Too embarrassed to ask: what is the lifetime allowance?
If you have been saving into your pension for some time now you may have heard the term "lifetime allowance". Here's what that means.
One of the most popular long-term savings vehicles in the UK is the pension.
A pension is a tax-efficient wrapper for your investments. If you invest using a pension, you will pay less tax than you would if you invested without using the wrapper.
These tax benefits are designed to encourage us to save enough to fund our own retirements, rather than depend on the state in our old age. However, the tax benefits of pensions have become steadily less generous over the last 20 years.
Governments have shied away from directly cutting tax relief on pension contributions, presumably because they fear it would be too politically controversial. Instead they have drastically cut the amount you can save into a pension.
As well as limiting the amount you can save each year, they have imposed a lifetime allowance on the total amount you can shelter in a pension. Currently, this lifetime allowance is just over a million pounds.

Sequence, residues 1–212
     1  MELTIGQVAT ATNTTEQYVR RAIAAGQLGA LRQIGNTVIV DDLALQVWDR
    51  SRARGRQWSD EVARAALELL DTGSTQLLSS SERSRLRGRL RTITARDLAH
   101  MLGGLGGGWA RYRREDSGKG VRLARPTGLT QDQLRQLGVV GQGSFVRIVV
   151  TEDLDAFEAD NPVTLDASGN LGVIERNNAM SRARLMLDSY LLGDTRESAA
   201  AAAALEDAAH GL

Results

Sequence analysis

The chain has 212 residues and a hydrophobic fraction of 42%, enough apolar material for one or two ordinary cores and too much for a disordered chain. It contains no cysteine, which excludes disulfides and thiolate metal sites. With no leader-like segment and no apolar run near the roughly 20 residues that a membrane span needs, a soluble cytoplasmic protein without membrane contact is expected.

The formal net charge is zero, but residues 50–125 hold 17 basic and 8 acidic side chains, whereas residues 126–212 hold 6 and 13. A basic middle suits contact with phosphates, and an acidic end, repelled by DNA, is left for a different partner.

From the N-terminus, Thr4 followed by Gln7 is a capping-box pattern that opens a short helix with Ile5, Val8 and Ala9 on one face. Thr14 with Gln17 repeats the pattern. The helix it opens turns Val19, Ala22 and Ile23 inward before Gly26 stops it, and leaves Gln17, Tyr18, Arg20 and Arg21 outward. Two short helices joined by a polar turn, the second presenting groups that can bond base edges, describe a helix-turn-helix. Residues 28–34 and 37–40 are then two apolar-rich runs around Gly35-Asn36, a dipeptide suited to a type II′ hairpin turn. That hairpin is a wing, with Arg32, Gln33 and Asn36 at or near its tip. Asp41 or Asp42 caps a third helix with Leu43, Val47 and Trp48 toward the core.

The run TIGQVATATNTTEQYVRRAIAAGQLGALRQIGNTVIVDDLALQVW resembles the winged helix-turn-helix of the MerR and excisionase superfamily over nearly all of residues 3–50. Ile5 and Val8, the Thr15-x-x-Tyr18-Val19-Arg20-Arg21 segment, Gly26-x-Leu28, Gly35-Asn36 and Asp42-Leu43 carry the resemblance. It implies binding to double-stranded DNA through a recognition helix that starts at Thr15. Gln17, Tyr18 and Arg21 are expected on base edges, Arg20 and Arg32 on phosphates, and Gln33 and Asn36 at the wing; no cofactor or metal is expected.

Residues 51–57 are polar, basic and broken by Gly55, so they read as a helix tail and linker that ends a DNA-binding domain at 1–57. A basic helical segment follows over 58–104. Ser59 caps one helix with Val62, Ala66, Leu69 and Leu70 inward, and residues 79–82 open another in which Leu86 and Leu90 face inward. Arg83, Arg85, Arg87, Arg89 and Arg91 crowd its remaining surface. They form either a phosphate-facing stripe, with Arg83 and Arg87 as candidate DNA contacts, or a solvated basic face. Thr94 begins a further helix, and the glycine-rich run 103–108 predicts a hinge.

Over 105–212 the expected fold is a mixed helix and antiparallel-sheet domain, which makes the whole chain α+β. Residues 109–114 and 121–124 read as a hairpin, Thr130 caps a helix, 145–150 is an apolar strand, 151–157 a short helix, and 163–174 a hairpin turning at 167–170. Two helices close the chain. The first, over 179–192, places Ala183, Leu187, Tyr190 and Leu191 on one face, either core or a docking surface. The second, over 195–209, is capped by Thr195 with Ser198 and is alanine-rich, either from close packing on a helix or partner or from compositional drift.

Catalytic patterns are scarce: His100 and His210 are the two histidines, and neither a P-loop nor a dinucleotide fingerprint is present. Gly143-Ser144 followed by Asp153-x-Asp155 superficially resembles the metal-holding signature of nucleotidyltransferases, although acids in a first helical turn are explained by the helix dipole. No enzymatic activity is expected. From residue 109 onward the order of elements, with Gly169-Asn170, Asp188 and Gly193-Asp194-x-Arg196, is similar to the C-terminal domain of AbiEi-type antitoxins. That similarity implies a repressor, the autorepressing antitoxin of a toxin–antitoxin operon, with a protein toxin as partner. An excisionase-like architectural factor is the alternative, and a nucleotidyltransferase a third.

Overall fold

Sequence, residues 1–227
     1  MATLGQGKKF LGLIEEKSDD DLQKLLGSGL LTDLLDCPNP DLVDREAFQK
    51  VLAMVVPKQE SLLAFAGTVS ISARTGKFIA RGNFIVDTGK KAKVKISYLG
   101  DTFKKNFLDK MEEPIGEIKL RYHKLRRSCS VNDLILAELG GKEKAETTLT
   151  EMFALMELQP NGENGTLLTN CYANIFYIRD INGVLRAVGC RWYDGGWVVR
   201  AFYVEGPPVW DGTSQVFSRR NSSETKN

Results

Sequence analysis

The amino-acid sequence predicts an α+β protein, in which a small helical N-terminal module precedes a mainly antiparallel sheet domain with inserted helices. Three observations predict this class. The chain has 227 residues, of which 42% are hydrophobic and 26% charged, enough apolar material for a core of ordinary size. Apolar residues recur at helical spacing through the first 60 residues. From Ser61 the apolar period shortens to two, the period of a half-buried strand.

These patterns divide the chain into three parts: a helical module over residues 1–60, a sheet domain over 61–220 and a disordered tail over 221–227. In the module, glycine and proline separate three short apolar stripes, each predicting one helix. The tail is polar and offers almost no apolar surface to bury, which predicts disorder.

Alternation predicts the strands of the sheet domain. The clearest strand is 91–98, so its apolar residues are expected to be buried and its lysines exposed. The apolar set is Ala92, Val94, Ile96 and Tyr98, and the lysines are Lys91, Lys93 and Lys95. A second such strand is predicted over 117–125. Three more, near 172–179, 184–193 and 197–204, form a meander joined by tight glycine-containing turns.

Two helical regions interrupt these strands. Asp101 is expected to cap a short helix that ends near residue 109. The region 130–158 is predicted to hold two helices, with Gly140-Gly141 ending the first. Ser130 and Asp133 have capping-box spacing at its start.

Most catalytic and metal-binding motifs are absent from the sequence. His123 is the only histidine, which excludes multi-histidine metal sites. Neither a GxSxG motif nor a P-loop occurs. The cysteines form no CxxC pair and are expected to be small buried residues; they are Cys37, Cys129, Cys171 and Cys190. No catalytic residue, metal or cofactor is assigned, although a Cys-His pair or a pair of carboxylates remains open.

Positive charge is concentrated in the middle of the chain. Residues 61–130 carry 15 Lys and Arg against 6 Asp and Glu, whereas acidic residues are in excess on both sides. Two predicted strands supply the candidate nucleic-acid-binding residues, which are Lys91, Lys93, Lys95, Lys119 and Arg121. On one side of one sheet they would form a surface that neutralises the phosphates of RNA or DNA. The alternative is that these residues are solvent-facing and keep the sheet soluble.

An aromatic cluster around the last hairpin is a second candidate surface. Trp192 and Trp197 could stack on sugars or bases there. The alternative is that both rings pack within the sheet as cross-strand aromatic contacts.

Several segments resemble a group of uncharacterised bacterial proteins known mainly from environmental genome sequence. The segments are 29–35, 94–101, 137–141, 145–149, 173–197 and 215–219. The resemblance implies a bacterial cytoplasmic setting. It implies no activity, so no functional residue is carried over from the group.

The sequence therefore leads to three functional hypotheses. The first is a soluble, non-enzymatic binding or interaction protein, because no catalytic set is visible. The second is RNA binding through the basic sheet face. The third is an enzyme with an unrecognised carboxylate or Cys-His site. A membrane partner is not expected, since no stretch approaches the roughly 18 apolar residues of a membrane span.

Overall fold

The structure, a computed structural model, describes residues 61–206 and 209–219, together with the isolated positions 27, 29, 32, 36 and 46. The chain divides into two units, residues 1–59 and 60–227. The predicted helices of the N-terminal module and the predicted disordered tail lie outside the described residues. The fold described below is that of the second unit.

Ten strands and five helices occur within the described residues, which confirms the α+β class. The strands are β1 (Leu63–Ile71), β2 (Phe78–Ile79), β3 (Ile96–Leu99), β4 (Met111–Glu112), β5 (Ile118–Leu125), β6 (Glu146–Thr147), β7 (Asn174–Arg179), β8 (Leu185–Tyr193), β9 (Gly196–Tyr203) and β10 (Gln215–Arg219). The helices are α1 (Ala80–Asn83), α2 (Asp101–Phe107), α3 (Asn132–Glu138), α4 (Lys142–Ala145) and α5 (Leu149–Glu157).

If the total amount of money in your pension goes above that – even if it’s down to strong investment performance rather than your contributions – then you will have to pay a punitive rate of tax on the excess when you come to take it.
A million pounds might sound like a lot of money. It is a lot of money. However, if you are hoping to fund a 30-year retirement, it might not be as much as you think.
At current annuity rates, one million pounds would buy a 65-year old single man an inflation-linked income somewhere in the region of £30,000 a year for life. That’s enough to be comfortable, but it’s not going to fund a millionaire’s lifestyle.
It’s also worth noting that the lifetime allowance has mostly gone down, rather than up, since it was introduced. It started at £1.5 million in 2006, rose as far as £1.8 million by 2011, then was cut to £1 million in 2016. It now stands at just over one million and seventy thousand pounds.
In other words, there is no guarantee whatsoever that it will rise with inflation in the future.
So if you are in your 40s or 50s, it’s worth planning ahead now. And if you are closer to retirement and are concerned that you may breach the lifetime allowance, it’s worth seeking advice.
The rules are more lenient for people with defined benefit pensions. To learn more about that and about efficient pension investing, subscribe to MoneyWeek magazine.